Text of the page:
Which is scarier, outer space or the ocean? This age-old question (okay, maybe not quite that old…) is up for debate (certainly, the unique horrors of space have been discussed a few times on Tor.com), but in reality the two aren’t all that different. Both are hostile to human life, both are terrifyingly vast, and both inspire fear of the unknown. Really, there’s no need to blast off into the inky void of space to find alien life, when you can dive down into the inky depths of the ocean and find creatures so bizarre that they may as well be alien. And with more than 80% of the ocean still unexplored, there are countless as-of-yet undiscovered horrors lurking around down there.
The sea, lakes, and rivers are common leisure spots during the warmer months of the year, but who knows what lies in wait beneath the surface? The five horror books below explore that very question, conjuring up scares that will turn thalassophiles into staunch thalassophobes. Let’s dive into these tales that are, depending on your perspective, either perfect or terrible to read while relaxing by a body of water…
Into the Drowning Deep by Mira Grant
There are quite a few sea creatures—both real and mythological—that slot perfectly into horror narratives without much effort. Think sharks and krakens. But in Into the Drowning Deep (2017) Mira Grant takes mermaids, which in most people’s minds have been thoroughly Disneyfied, and manages to twist them into something truly terrifying. Forget Ariel and her wide-eyed fascination with humans—the mermaids in Grant’s novel have teeth, and they’re keen to use them.
A few years before the book is set, a film crew had been sent to the Mariana Trench—the deepest part of the ocean—to film a mockumentary about mermaids. Only the film turned out, quite unexpectedly, to be a documentary and everyone aboard the Atargatis was killed (as covered in Grant’s 2015 novella Rolling in the Deep). The footage of the incident was declared a hoax, but now a new crew, comprised mostly of scientists, has been sent to figure out what really happened.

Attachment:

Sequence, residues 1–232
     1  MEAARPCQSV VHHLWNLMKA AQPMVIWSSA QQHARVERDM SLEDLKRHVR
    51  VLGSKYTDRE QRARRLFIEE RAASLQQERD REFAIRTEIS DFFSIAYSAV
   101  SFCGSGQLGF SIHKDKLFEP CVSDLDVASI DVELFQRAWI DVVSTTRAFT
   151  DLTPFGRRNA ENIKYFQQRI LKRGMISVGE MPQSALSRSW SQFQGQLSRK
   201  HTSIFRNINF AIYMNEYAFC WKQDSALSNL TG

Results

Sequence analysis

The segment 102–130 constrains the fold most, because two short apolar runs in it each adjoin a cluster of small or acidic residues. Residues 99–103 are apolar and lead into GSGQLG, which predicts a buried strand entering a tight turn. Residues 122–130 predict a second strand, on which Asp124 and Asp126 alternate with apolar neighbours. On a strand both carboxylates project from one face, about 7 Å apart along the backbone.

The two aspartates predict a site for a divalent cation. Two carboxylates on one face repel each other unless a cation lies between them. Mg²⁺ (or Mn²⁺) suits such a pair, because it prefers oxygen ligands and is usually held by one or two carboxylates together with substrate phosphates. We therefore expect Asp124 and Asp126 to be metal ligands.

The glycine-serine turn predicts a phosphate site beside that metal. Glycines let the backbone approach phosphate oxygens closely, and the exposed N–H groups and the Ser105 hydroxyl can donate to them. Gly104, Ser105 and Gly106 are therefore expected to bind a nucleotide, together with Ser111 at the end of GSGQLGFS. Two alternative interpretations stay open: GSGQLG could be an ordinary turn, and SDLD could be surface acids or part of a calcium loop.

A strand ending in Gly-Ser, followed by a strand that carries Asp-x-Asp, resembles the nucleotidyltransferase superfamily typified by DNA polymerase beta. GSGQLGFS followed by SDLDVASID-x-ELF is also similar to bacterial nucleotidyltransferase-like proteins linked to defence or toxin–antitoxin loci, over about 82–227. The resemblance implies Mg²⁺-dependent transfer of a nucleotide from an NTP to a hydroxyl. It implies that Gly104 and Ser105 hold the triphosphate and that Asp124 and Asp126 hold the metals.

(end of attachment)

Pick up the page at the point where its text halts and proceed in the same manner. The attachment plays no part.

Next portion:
Grant masterfully ramps up the tension at the beginning of the novel before everything erupts in an explosion of bloody fangs and fins. The delightfully vicious mermaids are inventively designed and yet actually feel plausible. You’ll probably pick up this story for the killer aquatic creatures—and they are the stars of the show—but the fun and fleshed-out cast of characters will also help reel you in.
A House at the Bottom of a Lake by Josh Malerman
Instead of a clear supernatural threat or horrifying lake monster, Josh Malerman offers up ambiguity and the uncanny in A House at the Bottom of a Lake (2016). The novella follows teenagers James and Amelia, who for their first date decide to take a canoe out to explore a chain of lakes. They end up finding a hidden lake…and at the bottom of that lake is, you guessed it, a house. But this house isn’t displaying the wear and tear to be expected of a building that has been submerged in water.
As James and Amelia fall in love with each other over the course of the story, they also fall into a deep obsession with the strange underwater house. Don’t expect gross-out gore or full-on frights because you’ll be left feeling unsatisfied. Rather, their dives down to the out-of-place building are filled with the implicit dread that lies in unsettling eeriness and suffocating claustrophobia.
The Deep by Nick Cutter
Nick Cutter’s The Deep (2015) is not to be confused with either Rivers Solomon’s The Deep (2019), which is about a society of mer-people descended from enslaved women who were thrown overboard while crossing the Atlantic, or Alma Katsu’s The Deep (2020), which is an alternate history tale about spooky shenanigans aboard the Titanic. In Cutter’s take on the title, a disease that causes lethal forgetfulness has ravaged the planet, but a substance that might be a cure-all has been found in the dark depths of the Mariana Trench.